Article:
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Orphan designation

On 15 May 2009, orphan designation (EU/3/09/633) was granted by the European Commission to Erytech Pharma SA, France, for L-asparaginase encapsulated in erythrocytes for the treatment of pancreatic cancer.

What is pancreatic cancer?

Pancreatic cancer is a cancer of the pancreas, a small organ that lies behind the stomach. The pancreas has two functions: producing a juice that helps with the digestion of food, and producing hormones such as insulin. About 95% of pancreatic cancers affect the cells that make the pancreatic juice. These are called adenocarcinomas.
Pancreatic cancer is a very severe and life-threatening disease that leads to poor long-term survival.

What is the estimated number of patients affected by the condition?

At the time of designation, pancreatic cancer affected approximately 1.3 in 10,000 people in the European Union (EU)*. This is equivalent to a total of around 66,000 people, and is below the threshold for orphan designation, which is 5 people in 10,000. This is based on the information provided by the sponsor and knowledge of the Committee for Orphan Medicinal Products (COMP).

*Disclaimer: For the purpose of the designation, the number of patients affected by the condition is estimated and assessed on the basis of data from the European Union (EU 27), Norway, Iceland and Liechtenstein. This represents a population of 504,800,000 (Eurostat 2009).

What treatments are available?

At the time of submission of the application for orphan drug designation, several medicines were authorised for pancreatic cancer in the EU. The choice of treatment for pancreatic cancer depends on several factors, including the stage of the disease. Treatments may include surgery, radiotherapy (treatment with radiation) and chemotherapy (medicines to treat cancer).
The sponsor has provided sufficient information to show that L-asparaginase encapsulated in erythrocytes might be of significant benefit for patients with pancreatic cancer because it works in a different way to the other medicines for pancreatic cancer, and may be used in combination with existing treatments to improve effectiveness. This assumption will need to be confirmed at the time of marketing authorisation, in order to maintain the orphan status.

How is this medicine expected to work?

L-asparaginase is an enzyme that breaks down the substance L-asparagine, which is required for cell growth. Certain cancer cells, such as the cancerous cells in pancreatic cancer, cannot make L-asparagine, so they need to take it up from the blood in order to grow. By reducing the levels of L-asparagine in the blood, this medicine is expected to deprive the cancerous pancreatic cells of their supply of L-asparagine, causing them to die. L-asparaginase has already been used for the treatment of acute lymphoblastic leukaemia (a cancer of the white blood cells) since the 1970s.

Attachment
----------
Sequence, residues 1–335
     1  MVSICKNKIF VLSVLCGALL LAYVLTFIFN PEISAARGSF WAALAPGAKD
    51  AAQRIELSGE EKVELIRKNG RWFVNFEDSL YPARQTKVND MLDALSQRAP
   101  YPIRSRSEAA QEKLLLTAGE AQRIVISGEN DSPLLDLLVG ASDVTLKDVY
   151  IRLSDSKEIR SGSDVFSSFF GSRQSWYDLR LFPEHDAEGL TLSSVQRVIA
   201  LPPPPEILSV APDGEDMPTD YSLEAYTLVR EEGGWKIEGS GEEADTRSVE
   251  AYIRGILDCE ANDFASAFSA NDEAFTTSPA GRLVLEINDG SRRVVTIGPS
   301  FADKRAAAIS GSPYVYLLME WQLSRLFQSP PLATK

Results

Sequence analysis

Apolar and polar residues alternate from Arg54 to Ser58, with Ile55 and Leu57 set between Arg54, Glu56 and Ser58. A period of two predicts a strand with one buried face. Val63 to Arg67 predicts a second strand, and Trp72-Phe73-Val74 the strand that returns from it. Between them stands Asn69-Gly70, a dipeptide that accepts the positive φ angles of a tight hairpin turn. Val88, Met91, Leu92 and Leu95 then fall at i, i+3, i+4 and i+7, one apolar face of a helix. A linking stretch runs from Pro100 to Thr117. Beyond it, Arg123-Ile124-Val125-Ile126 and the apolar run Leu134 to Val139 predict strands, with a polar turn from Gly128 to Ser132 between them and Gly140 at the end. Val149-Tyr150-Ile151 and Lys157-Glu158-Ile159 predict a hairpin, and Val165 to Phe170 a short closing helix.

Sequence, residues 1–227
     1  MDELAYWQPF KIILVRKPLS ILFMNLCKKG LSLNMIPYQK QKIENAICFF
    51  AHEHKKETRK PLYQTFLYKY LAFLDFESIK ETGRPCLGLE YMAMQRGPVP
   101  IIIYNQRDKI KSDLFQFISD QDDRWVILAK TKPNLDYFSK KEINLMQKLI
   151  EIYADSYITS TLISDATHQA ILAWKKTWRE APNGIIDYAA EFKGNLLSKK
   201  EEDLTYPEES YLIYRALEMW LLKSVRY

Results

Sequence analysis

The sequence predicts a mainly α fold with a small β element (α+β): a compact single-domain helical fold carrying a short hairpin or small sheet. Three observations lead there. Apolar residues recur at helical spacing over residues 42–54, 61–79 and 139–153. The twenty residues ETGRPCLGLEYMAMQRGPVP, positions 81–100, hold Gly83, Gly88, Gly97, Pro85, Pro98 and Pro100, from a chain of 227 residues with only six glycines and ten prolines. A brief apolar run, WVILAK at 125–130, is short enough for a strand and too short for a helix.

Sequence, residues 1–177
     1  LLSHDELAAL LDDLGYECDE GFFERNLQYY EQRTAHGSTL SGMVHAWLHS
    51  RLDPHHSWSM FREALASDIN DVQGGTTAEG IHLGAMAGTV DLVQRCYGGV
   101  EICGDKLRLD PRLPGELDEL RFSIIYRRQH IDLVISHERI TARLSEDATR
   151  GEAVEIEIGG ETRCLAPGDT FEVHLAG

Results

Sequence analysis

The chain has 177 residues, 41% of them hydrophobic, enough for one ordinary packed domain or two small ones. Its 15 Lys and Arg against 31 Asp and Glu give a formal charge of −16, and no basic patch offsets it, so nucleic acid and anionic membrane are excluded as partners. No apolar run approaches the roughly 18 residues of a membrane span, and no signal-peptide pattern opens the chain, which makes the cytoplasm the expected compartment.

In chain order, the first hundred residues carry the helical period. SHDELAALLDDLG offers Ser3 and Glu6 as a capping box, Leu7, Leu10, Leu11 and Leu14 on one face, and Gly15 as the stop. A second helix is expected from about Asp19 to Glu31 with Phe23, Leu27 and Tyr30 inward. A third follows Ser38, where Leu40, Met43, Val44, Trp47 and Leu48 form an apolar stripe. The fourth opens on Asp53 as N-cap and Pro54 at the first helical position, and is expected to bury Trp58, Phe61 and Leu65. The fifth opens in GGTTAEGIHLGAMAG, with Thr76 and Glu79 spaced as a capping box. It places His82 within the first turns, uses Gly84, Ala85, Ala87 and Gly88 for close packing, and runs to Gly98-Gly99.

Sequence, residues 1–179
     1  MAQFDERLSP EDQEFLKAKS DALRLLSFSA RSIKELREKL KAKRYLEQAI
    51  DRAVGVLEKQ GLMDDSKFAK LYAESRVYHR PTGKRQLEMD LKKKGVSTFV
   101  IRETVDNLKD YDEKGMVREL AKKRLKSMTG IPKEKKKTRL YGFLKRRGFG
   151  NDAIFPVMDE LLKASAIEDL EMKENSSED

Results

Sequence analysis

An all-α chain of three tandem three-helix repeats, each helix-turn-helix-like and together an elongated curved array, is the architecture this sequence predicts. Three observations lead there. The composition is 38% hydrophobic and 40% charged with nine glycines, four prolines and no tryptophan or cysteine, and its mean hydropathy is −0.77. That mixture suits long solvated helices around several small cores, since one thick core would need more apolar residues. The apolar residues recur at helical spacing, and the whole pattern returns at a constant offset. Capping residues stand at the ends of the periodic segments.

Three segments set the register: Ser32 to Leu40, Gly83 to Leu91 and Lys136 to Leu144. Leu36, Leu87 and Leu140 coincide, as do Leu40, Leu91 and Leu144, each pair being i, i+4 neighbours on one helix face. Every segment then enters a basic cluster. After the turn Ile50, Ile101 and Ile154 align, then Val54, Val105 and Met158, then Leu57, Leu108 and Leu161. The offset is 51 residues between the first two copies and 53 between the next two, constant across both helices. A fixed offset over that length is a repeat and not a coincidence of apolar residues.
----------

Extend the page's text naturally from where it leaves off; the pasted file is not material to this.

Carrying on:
This medicine is made up of erythrocytes (red blood cells) that have been loaded with L-asparaginase so that the L-asparaginase is ‘encapsulated’ (contained) within the erythrocytes. The erythrocytes reduce the exposure of L-asparaginase to the immune system (the body’s natural defences). This results in the immune system producing fewer antibodies against L-asparaginase, which could otherwise cause side effects such as allergic reactions.
The erythrocytes also form tiny compartments where the breakdown of L-asparagine can take place. Together, these properties are expected to increase how long L-asparaginase remains active in the body and to allow a lower dose of the enzyme to be used for the same anticancer effect as the free enzyme.

What is the stage of development of this medicine?

The effects of L-asparaginase encapsulated in erythrocytes have been evaluated in experimental models.
At the time of submission of the application for orphan designation, no clinical trials in patients with pancreatic cancer had been started.
At the time of submission, L-asparaginase encapsulated in erythrocytes was not authorised anywhere in the EU for pancreatic cancer or designated as an orphan medicinal product elsewhere for this condition.

In accordance with Regulation (EC) No 141/2000 of 16 December 1999, the COMP adopted a positive opinion on 2 April 2009 recommending the granting of this designation.

Opinions on orphan medicinal product designations are based on the following three criteria:
  • the seriousness of the condition;
  • the existence of alternative methods of diagnosis, prevention or treatment;
  • either the rarity of the condition (affecting not more than 5 in 10,000 people in the Community) or insufficient returns on investment.

Designated orphan medicinal products are products that are still under investigation and are considered for orphan designation on the basis of potential activity. An orphan designation is not a marketing authorisation. As a consequence, demonstration of quality, safety and efficacy is necessary before a product can be granted a marketing authorisation.

Key facts

Product details for <p>L-asparaginase encapsulated in erythrocytes</p>
Active substanceL-asparaginase encapsulated in erythrocytes
Medicine Name
Disease/conditionTreatment of pancreatic cancer
Date of decision15/05/2009
Orphan decision numberEU/3/09/633

Review of designation

Sponsor’s contact details:

Erytech Pharma SA
60 Avenue Rockefeller
69008 Lyon
Telephone: + 33 4 78 74 44 38
Telefax: + 33 4 78 75 56 29

Patient associations’ contact points:

Ligue Nationale Contre le Cancer
14 Rue Corvisart
75013 Paris
Telephone: +33 1 53 55 24 00
Telefax: +33 1 43 36 91 10

Macmillan Cancer Support
3 Bath Place
Rivington Street
London EC2A 3JR
United Kingdom
Telephone: +44 20 7696 9003
Telefax: +44 20 7696 9002

European Cancer Patient Coalition
ECPC Office 
Am Rothenanger 1b 
85521 Riemerling 
Telephone: +49 89 628 36 807 
Telefax: +49 89 628 36 808